/off my soapbox

His Dudeness

April 10th, 2012 at 4:12 PM ^

Quote: “I love Fidel Castro … I respect Fidel Castro. You know why? A lot of people have wanted to kill Fidel Castro for the last 60 years, but that (SOB) is still there.”

I think we can both agree he was speaking to the staying power of Castro. Love, respect, whatever... he was talking about the staying power of the man which is a completely valid point and a respectable quality in a person. Hell I have hated plenty of people in the office, but you have to tip your cap to those who are hated by most yet stay for far longer than their talents should allow.

It brings me to a quote from Blow "But I force a smile, knowing that my ambition far exceeded my talent. There are no more white horses or pretty ladies at my door."

Love him or hate him Castro has endured. That is an admirable quality.

Wolverine 73

April 10th, 2012 at 12:09 PM ^

The Marlins deserve what they got when they hired him.  He has been saying stupid things for years.  He is lucky he did this now when firing him would have been potentially damaging to a team many seem to think can make a real run at the NL pennant.  If he had said this in the middle of a lousy season he would have been canned.  Yes, he is free to say whatever he pleases, and the Marlins are free to tell him that as a representative of the team he has to curtail that freedom.


April 10th, 2012 at 12:33 PM ^

This isn't all about politics, it is about being a terrible salesman.  Imagine if the Director of say, National Geographic, stated that they admired and respected BP.  Nothing out of line or specifically controversial, but such a statement certainly wouldn't garner donations or support for National Geographic.  Same thing with Ozzie, he isn't being suspended for what he said, but the bottom line impact of what he said.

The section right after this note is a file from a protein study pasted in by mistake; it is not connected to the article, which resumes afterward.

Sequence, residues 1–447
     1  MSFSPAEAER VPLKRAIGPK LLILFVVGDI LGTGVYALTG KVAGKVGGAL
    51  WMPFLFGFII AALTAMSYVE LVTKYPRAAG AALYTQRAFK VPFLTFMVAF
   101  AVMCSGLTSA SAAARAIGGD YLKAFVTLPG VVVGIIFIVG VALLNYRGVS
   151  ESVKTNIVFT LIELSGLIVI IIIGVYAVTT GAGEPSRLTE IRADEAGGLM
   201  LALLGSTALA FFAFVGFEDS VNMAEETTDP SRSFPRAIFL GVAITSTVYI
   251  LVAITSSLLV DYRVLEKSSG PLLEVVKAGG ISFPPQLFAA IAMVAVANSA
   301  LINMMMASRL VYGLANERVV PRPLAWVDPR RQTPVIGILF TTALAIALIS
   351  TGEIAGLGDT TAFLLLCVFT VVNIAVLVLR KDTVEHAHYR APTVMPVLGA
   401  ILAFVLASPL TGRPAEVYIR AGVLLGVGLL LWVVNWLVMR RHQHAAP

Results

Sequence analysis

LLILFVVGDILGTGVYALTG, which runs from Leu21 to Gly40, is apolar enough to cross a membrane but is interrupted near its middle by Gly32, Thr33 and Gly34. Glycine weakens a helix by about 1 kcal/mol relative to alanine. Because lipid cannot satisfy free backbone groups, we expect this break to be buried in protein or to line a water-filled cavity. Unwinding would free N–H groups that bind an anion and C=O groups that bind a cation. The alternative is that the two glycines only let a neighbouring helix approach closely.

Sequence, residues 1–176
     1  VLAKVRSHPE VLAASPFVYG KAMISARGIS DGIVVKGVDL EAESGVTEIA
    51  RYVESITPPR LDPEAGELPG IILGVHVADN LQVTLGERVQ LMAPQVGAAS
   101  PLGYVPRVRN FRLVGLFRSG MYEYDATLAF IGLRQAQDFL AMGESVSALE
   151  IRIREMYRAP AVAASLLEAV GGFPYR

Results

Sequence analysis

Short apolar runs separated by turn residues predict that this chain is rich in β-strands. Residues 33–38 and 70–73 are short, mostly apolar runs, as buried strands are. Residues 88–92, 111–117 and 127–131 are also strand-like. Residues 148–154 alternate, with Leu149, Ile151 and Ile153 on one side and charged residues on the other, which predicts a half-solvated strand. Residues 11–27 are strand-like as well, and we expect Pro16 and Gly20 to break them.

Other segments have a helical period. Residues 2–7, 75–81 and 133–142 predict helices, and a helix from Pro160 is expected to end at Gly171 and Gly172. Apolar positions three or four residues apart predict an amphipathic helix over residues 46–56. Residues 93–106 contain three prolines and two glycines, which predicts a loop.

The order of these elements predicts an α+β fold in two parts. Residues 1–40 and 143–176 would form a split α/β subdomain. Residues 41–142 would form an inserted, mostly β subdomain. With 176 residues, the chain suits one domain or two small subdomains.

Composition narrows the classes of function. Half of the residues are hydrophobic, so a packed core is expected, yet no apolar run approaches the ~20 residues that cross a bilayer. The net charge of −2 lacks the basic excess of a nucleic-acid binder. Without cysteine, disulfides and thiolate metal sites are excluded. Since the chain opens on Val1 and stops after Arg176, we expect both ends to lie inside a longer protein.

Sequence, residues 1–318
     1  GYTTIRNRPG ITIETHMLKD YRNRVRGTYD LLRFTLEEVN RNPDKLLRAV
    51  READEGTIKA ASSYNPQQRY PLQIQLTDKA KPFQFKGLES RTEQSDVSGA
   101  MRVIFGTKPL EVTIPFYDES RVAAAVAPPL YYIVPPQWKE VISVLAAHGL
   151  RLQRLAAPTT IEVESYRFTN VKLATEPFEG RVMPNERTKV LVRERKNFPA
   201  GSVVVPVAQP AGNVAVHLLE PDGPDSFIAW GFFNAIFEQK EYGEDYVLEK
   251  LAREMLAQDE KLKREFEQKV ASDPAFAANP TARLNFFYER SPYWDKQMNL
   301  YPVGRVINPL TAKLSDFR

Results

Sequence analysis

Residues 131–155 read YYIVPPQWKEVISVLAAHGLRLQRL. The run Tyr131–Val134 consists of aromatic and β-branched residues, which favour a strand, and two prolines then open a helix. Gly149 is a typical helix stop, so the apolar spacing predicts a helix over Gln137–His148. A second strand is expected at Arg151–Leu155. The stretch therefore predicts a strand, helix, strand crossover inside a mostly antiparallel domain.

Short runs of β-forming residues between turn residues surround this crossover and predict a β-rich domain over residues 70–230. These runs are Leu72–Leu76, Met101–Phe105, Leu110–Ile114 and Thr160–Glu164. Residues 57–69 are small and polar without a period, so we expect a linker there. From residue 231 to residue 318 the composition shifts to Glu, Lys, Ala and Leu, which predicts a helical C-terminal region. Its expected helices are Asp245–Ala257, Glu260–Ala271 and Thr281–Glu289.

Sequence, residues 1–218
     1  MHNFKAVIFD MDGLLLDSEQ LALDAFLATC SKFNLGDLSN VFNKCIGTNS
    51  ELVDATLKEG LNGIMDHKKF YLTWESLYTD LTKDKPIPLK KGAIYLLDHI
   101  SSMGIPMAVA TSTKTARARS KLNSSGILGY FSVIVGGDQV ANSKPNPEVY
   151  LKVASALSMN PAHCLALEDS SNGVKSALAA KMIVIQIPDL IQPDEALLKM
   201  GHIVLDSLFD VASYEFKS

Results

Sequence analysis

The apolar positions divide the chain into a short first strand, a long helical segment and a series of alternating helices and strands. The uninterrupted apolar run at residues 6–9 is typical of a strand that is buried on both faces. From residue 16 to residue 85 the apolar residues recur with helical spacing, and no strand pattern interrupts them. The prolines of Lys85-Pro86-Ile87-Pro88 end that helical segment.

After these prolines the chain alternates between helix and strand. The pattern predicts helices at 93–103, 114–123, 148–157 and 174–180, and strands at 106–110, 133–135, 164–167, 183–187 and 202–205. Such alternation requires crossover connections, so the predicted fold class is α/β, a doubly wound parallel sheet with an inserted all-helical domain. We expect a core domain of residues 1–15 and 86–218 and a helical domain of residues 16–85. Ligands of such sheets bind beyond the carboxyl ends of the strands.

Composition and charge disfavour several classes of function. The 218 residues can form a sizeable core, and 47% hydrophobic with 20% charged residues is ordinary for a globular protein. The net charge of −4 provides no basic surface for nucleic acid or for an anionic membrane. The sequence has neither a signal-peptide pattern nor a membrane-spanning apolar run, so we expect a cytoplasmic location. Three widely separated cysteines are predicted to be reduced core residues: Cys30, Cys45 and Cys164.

April 10th, 2012 at 2:56 PM ^

pleasant relationship with Castro. 

I've spent time in Cuba, studied that country a lot. Without getting all political one can definitely say that US politics here play into Guillen's having to walk back something he had a God-given AMERICAN constitutional right to say. 

Anyone who cares to think for themselves on the issue rather than just repeat what they've been told should have to contend with what I had to, working through my own pre-judgements: Cuba may be poor, but it's a lot less poor than almost any other poor place in the Caribbean (outside your tourist hotel), and I have seen them: Santo Domingo and Kingston, for starters. Poor farmers from other Caribbean countries--who I work with--marvel at how clean the place is and how everyone is eating. The Cuban people want Fidel to bugger off and let them finally run the country, but they don't want to give up their health system, which is one of the world's best. Every time I've had an emergency in the Caribbean (3x now), I've been treated by a Cuban doctor. 

Finally, don't let anyone tell you that there's no freedom there--people bad-mouth Castro all day long; that's just different from brutal dictator, no matter how you slice it; they know from brutal dictators--they had one before Castro, and he was closely connected to the US mafia. If they wanted to overthrow Castro they could have long ago. And don't let anyone tell you nothing changes there: the biggest gripe of many Cubans is how the plan changes every five minutes. They've tried everything, including giving back about a third of the country to private owners (mostly to start small farms and rural businesses) over the last five years. 

Miami is changing, too. The fact that Guillen said these things may end up proving more important than that he was censured for it.

Just sometimes helps to toss a few facts onto the bonfire. After all, it was my Michigan professors who set me on a track of thinking for myself.